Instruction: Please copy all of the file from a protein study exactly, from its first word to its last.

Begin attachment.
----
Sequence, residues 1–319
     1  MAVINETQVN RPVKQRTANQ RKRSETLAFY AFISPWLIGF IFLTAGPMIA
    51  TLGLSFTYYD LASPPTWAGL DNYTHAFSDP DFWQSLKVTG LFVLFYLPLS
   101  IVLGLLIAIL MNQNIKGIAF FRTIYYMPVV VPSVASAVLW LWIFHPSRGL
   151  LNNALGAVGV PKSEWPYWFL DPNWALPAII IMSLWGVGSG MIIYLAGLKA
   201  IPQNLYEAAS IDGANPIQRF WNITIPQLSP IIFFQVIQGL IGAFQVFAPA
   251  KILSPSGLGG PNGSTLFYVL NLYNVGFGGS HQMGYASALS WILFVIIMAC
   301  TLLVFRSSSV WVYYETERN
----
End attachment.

Sequence, residues 1–319
     1  MAVINETQVN RPVKQRTANQ RKRSETLAFY AFISPWLIGF IFLTAGPMIA
    51  TLGLSFTYYD LASPPTWAGL DNYTHAFSDP DFWQSLKVTG LFVLFYLPLS
   101  IVLGLLIAIL MNQNIKGIAF FRTIYYMPVV VPSVASAVLW LWIFHPSRGL
   151  LNNALGAVGV PKSEWPYWFL DPNWALPAII IMSLWGVGSG MIIYLAGLKA
   201  IPQNLYEAAS IDGANPIQRF WNITIPQLSP IIFFQVIQGL IGAFQVFAPA
   251  KILSPSGLGG PNGSTLFYVL NLYNVGFGGS HQMGYASALS WILFVIIMAC
   301  TLLVFRSSSV WVYYETERN